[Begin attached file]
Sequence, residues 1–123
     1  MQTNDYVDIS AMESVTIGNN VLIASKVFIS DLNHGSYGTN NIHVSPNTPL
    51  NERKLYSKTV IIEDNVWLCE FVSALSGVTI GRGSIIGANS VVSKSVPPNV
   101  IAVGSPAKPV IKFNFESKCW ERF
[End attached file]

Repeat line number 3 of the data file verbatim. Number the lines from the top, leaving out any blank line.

    51  NERKLYSKTV IIEDNVWLCE FVSALSGVTI GRGSIIGANS VVSKSVPPNV